Nashville’s school board follows Knox County’s lead

Betty Bean
Government/Politics columnist

Question: How much did Bill Haslam hate Knox County school board member Amber Rountree’s resolution asking the state for a one-year waiver from using TNReady/TCAP scores to calculate student scores and teacher evaluations?

Answer: A lot.

So much that he staged an event in Rountree’s South Knox district to celebrate statewide improvements in science scores the week before the vote. He brought an astronaut in and hung around long enough afterward to pose for pictures and denounce Rountree’s resolution – not bothering to take the opportunity to speak to Rountree, who would have been hard to miss in her heavily pregnant state.

She gave birth to her second son a few days later and attended the school board meeting the following week, casting her vote via Skype. Her resolution passed 6-3, despite heavy-handed opposition from interim Superintendent Buzz Thomas, who wrote a scathing email to school board members calling her resolution “ill-advised” and warning them (among other things) that approving the resolution would risk offending Education Commissioner Candice McQueen and legislators Harry Brooks and Bill Dunn, causing newly elected board chair Patti Bounds to remark that this sounded like a request to put politics ahead of what’s best for students.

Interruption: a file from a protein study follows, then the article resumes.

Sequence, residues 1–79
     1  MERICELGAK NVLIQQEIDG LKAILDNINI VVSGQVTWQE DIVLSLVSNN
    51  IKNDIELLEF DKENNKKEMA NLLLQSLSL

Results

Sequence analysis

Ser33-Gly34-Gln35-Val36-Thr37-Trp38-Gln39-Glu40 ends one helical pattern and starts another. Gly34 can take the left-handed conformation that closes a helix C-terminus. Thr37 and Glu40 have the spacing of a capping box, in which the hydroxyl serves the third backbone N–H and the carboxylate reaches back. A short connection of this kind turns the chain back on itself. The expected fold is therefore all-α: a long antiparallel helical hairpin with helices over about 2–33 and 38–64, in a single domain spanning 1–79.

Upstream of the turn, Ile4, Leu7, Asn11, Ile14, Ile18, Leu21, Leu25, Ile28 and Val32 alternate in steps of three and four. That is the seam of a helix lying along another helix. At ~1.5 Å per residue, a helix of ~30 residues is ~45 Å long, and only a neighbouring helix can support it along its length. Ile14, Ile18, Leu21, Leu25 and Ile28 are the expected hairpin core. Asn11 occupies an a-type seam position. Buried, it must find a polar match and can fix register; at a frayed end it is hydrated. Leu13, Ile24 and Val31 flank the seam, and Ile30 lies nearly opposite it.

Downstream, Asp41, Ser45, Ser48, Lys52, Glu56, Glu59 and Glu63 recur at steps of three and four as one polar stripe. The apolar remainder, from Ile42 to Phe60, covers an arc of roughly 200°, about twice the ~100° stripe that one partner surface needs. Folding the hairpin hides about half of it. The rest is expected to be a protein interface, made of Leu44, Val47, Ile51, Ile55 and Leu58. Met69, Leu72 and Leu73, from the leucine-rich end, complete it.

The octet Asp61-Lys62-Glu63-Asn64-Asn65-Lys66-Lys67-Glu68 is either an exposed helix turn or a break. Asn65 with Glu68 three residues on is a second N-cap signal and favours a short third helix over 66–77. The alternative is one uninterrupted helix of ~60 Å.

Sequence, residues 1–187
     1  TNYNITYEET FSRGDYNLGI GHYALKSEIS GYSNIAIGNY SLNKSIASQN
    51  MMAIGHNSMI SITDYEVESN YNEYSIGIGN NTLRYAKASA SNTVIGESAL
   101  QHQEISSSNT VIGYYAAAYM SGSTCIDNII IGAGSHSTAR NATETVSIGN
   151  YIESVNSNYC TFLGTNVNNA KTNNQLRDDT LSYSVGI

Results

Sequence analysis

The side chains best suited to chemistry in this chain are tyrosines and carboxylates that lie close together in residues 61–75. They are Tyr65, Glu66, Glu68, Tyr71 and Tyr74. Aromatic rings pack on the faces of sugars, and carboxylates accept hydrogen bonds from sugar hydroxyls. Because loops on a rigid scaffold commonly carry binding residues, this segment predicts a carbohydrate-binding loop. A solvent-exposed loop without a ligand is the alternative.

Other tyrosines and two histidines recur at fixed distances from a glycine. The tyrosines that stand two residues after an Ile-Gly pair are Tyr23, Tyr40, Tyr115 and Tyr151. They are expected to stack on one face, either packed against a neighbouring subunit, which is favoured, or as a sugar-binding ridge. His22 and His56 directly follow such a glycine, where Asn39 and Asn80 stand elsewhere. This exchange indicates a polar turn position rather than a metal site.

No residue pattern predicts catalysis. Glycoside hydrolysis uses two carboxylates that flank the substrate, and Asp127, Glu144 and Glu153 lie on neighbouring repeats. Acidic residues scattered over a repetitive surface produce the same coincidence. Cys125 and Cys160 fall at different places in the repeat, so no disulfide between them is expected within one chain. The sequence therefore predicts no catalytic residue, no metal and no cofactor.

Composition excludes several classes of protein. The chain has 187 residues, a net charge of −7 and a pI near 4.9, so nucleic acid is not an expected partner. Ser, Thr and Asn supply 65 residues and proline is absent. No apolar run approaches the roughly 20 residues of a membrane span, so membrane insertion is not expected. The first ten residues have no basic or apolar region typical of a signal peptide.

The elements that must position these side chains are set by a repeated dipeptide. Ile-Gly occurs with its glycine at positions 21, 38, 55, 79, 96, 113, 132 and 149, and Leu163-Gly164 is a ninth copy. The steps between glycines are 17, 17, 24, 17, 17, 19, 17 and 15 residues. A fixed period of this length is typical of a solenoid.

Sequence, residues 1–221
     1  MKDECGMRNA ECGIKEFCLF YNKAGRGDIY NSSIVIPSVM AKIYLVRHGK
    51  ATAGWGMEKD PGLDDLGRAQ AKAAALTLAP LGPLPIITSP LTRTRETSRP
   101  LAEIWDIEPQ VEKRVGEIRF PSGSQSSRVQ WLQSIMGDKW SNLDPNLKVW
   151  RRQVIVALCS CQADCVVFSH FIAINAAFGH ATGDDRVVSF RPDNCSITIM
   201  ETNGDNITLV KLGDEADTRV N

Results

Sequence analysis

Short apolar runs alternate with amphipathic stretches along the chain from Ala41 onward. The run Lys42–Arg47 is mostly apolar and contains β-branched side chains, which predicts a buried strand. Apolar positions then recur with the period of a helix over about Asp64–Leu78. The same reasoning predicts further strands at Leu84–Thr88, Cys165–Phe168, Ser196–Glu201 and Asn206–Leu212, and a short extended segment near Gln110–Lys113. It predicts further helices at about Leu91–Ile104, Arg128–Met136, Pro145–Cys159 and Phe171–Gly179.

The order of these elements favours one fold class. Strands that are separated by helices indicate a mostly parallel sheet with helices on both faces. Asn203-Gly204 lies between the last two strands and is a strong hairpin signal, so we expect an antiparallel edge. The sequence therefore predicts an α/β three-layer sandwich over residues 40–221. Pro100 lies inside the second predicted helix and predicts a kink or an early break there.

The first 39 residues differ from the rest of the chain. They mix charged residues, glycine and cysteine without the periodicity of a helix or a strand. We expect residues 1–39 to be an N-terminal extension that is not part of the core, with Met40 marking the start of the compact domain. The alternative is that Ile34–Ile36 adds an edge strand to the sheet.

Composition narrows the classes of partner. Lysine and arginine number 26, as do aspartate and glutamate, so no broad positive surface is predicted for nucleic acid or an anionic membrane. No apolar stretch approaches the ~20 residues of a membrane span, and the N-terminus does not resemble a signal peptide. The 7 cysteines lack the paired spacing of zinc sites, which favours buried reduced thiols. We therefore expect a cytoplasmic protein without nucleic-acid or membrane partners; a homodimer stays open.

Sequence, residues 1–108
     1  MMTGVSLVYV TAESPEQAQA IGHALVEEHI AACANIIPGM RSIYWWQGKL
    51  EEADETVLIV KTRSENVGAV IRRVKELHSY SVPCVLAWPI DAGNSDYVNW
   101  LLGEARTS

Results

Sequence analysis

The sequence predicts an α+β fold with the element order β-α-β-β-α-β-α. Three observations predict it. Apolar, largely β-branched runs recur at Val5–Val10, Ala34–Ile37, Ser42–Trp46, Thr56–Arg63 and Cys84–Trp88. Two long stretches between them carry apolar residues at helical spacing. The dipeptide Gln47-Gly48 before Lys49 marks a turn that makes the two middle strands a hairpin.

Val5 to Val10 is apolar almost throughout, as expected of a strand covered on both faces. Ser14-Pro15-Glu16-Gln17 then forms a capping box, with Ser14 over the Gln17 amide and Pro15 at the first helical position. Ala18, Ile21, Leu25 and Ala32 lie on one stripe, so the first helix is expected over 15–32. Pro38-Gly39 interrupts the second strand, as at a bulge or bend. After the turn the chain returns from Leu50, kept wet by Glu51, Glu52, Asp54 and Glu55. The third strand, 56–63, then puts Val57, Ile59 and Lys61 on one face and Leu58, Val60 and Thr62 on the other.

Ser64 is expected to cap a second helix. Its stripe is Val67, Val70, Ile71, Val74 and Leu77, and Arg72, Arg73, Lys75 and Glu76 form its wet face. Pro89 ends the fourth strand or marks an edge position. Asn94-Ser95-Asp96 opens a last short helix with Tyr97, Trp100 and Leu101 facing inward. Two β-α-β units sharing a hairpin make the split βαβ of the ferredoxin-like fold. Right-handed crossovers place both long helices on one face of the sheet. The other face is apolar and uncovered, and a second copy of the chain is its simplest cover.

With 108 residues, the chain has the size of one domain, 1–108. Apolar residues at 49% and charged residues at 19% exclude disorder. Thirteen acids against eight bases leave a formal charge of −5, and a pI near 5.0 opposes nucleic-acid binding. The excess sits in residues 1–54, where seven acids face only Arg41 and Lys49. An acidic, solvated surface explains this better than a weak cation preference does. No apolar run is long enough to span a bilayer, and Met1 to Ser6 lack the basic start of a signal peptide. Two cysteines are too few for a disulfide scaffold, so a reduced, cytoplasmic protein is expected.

Rountree, who had sponsored an almost-identical resolution last year after the state messed up testing data and was unable to produce reliable numbers in time for grades and evaluations to be calculated, said she was perplexed by the harsh reaction from high places and that she had hoped for “a collegial discourse about it.”

You don’t have to be a mind reader to surmise that Haslam feared a cascading effect – that other districts will follow suit.

And it looks like he’s right.

Last week, the Metro Nashville Public Schools voted unanimously to adopt an almost identical resolution.

Andy Spears, author of Tennessee Education Report, speculated that this is the beginning of a “waiver wave,” and wrote that change is in the air.

“Now, two large Tennessee school districts are calling for a waiver from using test data in student grades and teacher evaluations. Will other districts follow suit? Will the General Assembly pay attention?”

That’s exactly what Spears – who questioned Haslam’s contention that the use of student assessments in formulating teacher evaluations is “part of the recipe for success” – is hoping for:

“To suggest that a year without the use of TVAAS scores in teacher evaluations will cause a setback is to insult Tennessee’s teachers. As if they’ll just relax and not teach as hard. … Right now, we don’t know if we have a good standardized test. Taking a year to get it right is important, especially in light of the frustrations of last year’s TNReady experience.”

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